In the early 1960s there was a large push at ORNL to develop nuclear-powered desalination plants, where deserts met the sea, to provide water. The project, called Water for Peace, was backed by John F. Kennedy and Lyndon B. Johnson, and presented at a 1964 United Nations conference, but increases in the cost of construction and falling public confidence in nuclear power caused the plan to fail.[18][20] The Health Physics Research Reactor built in 1962 was used for radiation exposure experiments leading to more accurate dosage limits and dosimeters, and improved radiation shielding.[18]

In 1964 the Molten-Salt Reactor Experiment began with the construction of the reactor. It was operated from 1966 until 1969 (with six months down time to move from U-235 to U-233 fuel), and proved the viability of molten salt reactors, while also producing fuel for other reactors as a byproduct of its own reaction.[18]

The High Flux Isotope Reactor built in 1965 had the highest neutron flux of any reactor at the time.[18] It improved upon the work of the X-10 reactor, producing more medical isotopes, as well as allowing higher fidelity of materials research.[18]

Researchers in the Biology Division studied the effects of chemicals on mice, including petrol fumespesticides, and tobacco.[18]

In the late 1960s, cuts in funding led to the cancellation of plans for another particle accelerator, and the United States Atomic Energy Commission cut the breeder reactor program by two-thirds, leading to a downsizing in staff from 5000 to 3800.[18]






 
The inside of ORMAK, an early tokamak, was gold plated for reflectivity




In the 1970s, the prospect of fusion power was strongly considered, sparking research at ORNL. A tokamak called ORMAK, made operational in 1971, was the first tokamak to achieve a plasma temperature of 20 million Kelvin.[21] After the success of the fusion experiments, it was enlarged and renamed ORMAK II in 1973; however, the experiments ultimately failed to lead to fusion power plants.[18]

The US Atomic Energy Commission required improved safety standards in the early 1970s for nuclear reactors, so ORNL staff wrote almost 100 requirements covering many factors including fuel transport and earthquake resistance. In 1972 the AEC held a series of public hearings where emergency cooling requirements were highlighted and the safety requirements became more stringent.[18]

ORNL was involved in analysing the damage to the core of the Three Mile Island Nuclear Generating Station after the accident in 1979.[18]

Also in 1972, Peter Mazur, a biologist at ORNL, froze with liquid nitrogen, thawed and implanted mouse embryos in a surrogate mother. The mouse pups were born healthy.[18] The technique is popular in the livestock industry, as it allows the embryos of valuable cattle to be transported easily and a prize cow can have multiple eggs extracted and thus, through in vitro fertilisation, have many more offspring than would naturally be possible.[18]

In 1974 Alvin Weinberg, director of the lab for 19 years, was replaced by Herman Postma, a fusion scientist.[18]

In 1977 construction began for 6 metre (20 foot) superconducting electromagnets, intended to control fusion reactions. The project was an international effort: three electromagnets were produced in the US, one in Japan, one in Switzerland and the final by remaining European states. Experimentation continued into the 1980s.[18]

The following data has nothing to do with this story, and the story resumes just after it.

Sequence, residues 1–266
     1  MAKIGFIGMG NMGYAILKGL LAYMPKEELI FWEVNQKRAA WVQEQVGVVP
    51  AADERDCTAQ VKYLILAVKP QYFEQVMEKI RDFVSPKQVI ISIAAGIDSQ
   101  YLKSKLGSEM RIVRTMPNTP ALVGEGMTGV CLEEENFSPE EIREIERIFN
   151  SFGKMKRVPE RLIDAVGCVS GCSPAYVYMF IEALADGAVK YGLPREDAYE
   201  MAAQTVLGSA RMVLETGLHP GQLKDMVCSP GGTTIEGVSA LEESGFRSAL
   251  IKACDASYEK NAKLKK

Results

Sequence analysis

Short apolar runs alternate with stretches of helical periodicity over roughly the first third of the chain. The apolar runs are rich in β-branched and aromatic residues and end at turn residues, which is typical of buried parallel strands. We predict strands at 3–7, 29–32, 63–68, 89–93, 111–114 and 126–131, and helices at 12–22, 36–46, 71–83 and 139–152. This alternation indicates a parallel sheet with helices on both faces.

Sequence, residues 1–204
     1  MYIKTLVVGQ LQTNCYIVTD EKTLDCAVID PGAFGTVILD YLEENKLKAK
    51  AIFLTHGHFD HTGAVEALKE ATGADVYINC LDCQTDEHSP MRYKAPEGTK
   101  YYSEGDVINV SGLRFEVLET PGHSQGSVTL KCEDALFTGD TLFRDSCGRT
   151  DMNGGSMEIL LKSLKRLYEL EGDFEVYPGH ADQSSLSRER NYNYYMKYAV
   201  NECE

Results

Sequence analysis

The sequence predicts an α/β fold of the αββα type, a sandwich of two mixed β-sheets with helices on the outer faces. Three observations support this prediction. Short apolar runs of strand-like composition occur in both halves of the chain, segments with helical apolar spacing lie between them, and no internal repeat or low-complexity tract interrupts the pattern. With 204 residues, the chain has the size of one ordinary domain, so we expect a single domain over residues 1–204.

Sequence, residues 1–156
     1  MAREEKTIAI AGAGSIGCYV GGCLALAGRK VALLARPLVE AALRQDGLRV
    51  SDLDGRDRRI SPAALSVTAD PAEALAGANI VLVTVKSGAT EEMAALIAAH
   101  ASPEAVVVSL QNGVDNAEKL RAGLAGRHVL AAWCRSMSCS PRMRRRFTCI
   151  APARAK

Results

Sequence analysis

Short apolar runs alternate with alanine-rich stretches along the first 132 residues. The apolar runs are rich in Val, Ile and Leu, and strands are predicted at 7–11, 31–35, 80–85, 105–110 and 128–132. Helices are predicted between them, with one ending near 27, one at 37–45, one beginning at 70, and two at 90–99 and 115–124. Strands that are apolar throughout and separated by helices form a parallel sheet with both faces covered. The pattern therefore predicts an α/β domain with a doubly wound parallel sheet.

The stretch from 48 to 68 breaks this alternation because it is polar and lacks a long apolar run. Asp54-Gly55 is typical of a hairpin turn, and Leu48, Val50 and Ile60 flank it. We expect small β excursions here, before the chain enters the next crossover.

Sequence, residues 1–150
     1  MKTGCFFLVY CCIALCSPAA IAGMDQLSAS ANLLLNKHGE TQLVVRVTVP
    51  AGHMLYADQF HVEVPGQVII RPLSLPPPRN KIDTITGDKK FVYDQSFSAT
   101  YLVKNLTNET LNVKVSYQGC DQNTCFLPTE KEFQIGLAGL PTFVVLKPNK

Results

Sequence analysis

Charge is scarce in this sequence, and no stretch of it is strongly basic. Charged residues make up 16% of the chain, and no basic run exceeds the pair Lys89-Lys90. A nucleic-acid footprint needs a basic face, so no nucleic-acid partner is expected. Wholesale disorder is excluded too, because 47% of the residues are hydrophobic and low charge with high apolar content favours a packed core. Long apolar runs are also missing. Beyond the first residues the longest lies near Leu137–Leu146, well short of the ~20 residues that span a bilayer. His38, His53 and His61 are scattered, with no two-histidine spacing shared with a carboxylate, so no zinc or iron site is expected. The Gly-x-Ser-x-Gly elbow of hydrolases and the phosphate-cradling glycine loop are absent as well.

The 1980s brought more changes to ORNL: a focus on efficiency became paramount.

An accelerated climate simulation chamber was built that applied varying weather conditions to insulation to test its efficacy and durability faster than real time.[18] Materials research into heat resistant ceramics for use in truck and high-tech car engines was performed, building upon the materials research that began in the nuclear reactors of the 1950s.[18] In 1987 the High Temperature Materials Laboratory was established, where ORNL and industry researchers cooperated on ceramic and alloy projects. The materials research budget at ORNL doubled after initial uncertainty regarding Reagan's economic policy of less government expenditure.[18]

In 1981, the Holifield Heavy Ion Research Facility, a 25 MV particle accelerator, was opened at ORNL. At the time, Holifield had the widest range of ion species and was twice as powerful as other accelerators, attracting hundreds of guest researchers each year.[18]

The Department of Energy was concerned with the pollution surrounding ORNL and it began clean-up efforts. Burial trenches and leaking pipes had contaminated the groundwater beneath the lab, and radiation tanks were sitting idle, full of waste. Estimates of the total cost of clean-up were into the hundreds of millions of US dollars.[18]

The five older reactors were subjected to safety reviews in 1987, ordered to be deactivated until the reviews were complete. By 1989 when the High Flux Isotope Reactor was restarted the US supply of certain medical isotopes was depleted.[18]

In 1989 the former executive officer of the American Association for the Advancement of ScienceAlvin Trivelpiece, became director of ORNL; he remained in the role until 2000.[18]

In 1992, a whistleblower, Charles Varnadore, filed complaints against ORNL, alleging safety violations and retaliation by his superiors. While an administrative law judge ruled in Varnadore's favor, the Secretary of Labor, Robert Reich, overturned that ruling. However, Varnadore's case saw prime contractor Martin Marietta cited for safety violations, and ultimately led to additional whistleblower protection within DOE.[22]

In January 2019 ORNL announced a major breakthrough in its capacity to automate Pu-238 production which helped push annual production from 50 grams to 400 grams, moving closer to NASA's goal of 1.5 kilograms per year by 2025 in order to sustain its space exploration programs.[23]

 
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They were just trying to find uses for the facilities there recently. Nothing to do with the black box research of the past. DTS is a division of several tool shops out of Grand Rapids Michigan. I did die work with them for years. The old Oak Ridge facility did lots of nuclear research. If you ever go there there are signs at all the streams not to eat the fish. If you shoot a deer you have to have checked for radiation. BTW if you go there I want my jacket back, lol.